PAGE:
Studios in 'skynet' copyright talks

TOM PULLAR-STRECKER
Last updated 16:28 31/10/2011

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United States movie and music studios have talked to internet providers about establishing a centralised facility that would process copyright infringement notices on behalf internet providers, industry executives have revealed.

It is understood the negotiations have involved the Telecommunications Carriers Forum (TCF) and the goal was to make it more practical for rights holders to use the controversial  ''Skynet'' law that came into effect two months ago to crack down on internet piracy.

TCF chief executive David Stone said it was not currently involved in the talks on the issue. He would not comment on what had been discussed or whether the TCF expected a future role.

Internet users can be fined between $275 and $15,000 by the Copyright Tribunal for illegally accessing copyrighted material, such as pirated movies, over the internet.

However, the Government took the sting out of the law change in August by allowing internet providers to charge rights holders $25 to process each infringement notice sent under the ''three strikes'' regime, on top of a $200 fee to the Copyright Tribunal for each prosecution. Those fees are due to be reviewed in March.

InternetNZ chief executive Vikram Kumar said the society was not aware of any infringement notices having been issued. Telecom and the country's second-largest internet provider, TelstraClear, confirmed they had received none.

Kumar believed Hollywood film makers and the music industry were afraid of establishing an international precedent by paying anything to internet providers to forward notices to their customers, but probably wanted to keep their options open.

He believed they might wait to see what happened in a landmark court case with internet provider iiNet in Australia in December before settling on their tactics. The court case will determine whether iiNet is liable under Australian law for illegal downloads by its customers.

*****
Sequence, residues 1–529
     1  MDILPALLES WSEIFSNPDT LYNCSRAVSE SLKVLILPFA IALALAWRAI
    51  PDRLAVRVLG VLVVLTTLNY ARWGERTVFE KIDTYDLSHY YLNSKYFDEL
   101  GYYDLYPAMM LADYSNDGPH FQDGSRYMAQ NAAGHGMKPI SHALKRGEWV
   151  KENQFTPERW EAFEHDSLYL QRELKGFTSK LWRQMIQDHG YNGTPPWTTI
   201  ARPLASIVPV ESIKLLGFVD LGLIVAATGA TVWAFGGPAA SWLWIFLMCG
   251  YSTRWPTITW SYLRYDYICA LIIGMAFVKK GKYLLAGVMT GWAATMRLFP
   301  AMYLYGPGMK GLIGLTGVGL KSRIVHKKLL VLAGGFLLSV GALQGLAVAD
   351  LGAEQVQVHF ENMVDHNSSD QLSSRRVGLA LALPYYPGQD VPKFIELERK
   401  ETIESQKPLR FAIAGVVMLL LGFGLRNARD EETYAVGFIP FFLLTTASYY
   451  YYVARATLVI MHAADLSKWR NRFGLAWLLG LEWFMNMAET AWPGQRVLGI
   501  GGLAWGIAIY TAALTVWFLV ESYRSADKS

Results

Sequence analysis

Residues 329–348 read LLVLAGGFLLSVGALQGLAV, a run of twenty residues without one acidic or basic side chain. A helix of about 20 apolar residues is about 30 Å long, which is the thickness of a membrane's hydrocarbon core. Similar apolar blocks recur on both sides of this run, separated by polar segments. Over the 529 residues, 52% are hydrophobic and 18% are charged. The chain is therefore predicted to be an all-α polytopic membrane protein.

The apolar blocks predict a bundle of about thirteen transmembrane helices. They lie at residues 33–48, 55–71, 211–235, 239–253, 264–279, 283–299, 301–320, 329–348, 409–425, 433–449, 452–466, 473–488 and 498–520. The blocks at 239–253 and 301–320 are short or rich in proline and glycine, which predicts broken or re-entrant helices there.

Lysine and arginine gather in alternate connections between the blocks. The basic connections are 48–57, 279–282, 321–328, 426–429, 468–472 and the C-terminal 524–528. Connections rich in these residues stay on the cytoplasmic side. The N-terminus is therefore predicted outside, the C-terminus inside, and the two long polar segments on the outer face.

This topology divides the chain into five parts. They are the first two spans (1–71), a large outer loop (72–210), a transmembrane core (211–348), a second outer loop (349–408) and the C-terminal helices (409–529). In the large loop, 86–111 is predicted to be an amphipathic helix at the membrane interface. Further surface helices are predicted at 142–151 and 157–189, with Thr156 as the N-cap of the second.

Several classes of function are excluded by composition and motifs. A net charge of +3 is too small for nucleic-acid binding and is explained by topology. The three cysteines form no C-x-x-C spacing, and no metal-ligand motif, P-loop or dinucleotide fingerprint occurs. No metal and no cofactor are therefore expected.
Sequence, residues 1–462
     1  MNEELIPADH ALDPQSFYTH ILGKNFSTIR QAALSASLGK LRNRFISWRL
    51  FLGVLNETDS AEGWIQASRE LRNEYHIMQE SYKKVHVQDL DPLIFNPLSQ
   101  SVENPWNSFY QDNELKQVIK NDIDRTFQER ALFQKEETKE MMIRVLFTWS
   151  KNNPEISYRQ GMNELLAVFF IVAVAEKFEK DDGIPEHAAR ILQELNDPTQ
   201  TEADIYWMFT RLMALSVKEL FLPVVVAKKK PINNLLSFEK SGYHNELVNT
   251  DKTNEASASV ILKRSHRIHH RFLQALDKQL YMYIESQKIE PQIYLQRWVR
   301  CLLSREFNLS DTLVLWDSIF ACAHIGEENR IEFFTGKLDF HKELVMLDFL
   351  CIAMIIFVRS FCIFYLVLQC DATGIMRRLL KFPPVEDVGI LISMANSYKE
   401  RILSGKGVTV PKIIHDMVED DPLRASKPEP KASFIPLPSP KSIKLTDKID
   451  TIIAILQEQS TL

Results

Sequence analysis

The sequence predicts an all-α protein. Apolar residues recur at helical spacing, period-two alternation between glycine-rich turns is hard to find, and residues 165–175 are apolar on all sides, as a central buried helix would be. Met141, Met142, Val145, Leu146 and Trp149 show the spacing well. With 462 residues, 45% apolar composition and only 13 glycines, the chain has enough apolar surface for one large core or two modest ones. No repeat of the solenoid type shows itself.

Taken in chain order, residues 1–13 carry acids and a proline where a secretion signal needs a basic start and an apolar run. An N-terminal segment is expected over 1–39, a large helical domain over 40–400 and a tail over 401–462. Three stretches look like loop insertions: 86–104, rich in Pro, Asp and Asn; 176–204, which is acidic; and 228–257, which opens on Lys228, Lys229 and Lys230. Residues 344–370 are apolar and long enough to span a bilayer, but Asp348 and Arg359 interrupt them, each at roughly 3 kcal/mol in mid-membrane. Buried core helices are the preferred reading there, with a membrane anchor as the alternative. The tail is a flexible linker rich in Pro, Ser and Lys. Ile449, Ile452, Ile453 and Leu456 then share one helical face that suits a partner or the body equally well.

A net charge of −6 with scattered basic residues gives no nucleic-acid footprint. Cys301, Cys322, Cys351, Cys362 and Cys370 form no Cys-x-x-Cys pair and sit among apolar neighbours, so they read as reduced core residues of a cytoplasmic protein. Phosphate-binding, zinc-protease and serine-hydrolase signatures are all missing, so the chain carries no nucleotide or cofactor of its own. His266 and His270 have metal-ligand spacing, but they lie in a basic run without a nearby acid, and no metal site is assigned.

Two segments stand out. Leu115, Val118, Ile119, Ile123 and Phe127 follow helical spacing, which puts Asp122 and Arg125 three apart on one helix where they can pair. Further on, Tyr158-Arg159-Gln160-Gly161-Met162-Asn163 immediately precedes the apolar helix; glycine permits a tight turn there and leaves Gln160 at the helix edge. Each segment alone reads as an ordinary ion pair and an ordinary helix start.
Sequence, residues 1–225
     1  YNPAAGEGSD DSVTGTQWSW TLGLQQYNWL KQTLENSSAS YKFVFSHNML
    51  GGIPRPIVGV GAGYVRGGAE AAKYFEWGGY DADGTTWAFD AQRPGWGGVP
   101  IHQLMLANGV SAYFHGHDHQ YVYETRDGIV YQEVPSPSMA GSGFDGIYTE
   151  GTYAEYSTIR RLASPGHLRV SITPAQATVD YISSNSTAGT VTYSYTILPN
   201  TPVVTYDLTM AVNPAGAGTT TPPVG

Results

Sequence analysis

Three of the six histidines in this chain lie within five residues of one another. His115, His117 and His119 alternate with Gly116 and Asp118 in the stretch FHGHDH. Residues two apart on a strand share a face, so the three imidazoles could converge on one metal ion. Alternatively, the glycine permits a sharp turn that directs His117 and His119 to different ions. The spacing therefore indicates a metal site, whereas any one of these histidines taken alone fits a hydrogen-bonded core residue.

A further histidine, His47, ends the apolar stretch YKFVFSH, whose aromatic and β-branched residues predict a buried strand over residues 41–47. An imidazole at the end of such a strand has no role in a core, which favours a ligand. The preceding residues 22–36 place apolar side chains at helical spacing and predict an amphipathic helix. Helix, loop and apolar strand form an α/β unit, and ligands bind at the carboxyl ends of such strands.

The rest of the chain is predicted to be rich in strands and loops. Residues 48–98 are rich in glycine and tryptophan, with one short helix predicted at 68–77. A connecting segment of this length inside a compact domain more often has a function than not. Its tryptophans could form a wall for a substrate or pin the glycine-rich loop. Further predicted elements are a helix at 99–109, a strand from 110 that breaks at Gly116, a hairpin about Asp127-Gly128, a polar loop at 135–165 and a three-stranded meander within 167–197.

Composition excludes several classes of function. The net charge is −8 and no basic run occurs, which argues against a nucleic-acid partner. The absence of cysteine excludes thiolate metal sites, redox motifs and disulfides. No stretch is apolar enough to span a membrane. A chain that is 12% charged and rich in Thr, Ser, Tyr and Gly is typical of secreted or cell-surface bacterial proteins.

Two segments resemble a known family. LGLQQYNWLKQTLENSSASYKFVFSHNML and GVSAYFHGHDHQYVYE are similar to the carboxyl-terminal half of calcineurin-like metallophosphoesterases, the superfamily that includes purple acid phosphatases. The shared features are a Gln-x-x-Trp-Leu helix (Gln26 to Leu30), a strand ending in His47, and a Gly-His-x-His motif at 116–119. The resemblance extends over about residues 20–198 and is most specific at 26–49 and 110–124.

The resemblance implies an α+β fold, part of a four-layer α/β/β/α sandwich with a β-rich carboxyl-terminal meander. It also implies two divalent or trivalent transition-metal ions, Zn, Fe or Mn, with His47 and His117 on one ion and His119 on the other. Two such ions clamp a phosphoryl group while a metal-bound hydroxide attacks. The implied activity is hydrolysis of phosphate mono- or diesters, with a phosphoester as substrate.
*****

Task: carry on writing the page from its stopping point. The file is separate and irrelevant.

A central facility for processing copyright infringement notices could allow internet providers here to determine whether those notices were customers' first, second or third ''strike'', he said.

That could reduce their administration costs, in turn allowing rights holders to make a case to the Government for a cut in the fees.

Kumar said the society had not been involved in the talks and expressed concern about internet users' privacy if a centralised system for processing infringement notices went ahead.

A spokeswoman for Commerce Minister Simon Power said the Government had not brokered the discussions, but noted internet providers could voluntarily lower their fee for processing notices.

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Kumar said that given the urgency under which the copyright law change was passed, he imagined there would be some ''red faces'' in government.

Orcon chief executive Scott Bartlett confirmed the TCF's involvement in the talks with rights holders and said Orcon was supportive of the discussions ''up to a point''. But from Orcon's perspective, there was a workable system already in place. His message to rights holder was ''if you want to send us notices, send us notices''.

Orcon hired two temporary staff to deal with an expected flood of infringement notices when the ''Skynet'' regime came into effect in September, but had since let them go as there had been nothing for them to do, Bartlett said.

Telecom spokeswoman Anna Skerten said it had invested significantly to put a system in place allowing it to comply with its obligations under the Copyright Act amendment.

''This includes keeping staff on standby in the event we receive a significant volume of notices. To date, we have not received any notices, so have been unable to recover any of our costs for being prepared.''

Telecom had participated in TCF discussions with rights holder groups, she said. ''We have been, and continue to be, open to dialogue with rights holder groups to identify ways that might lessen the burden of complying with the copyright regime. We don't however agree that Telecom should bear the costs of doing so, simply to enable rights holder groups to send more infringement notices to our customers.''

- BusinessDay.co.nz

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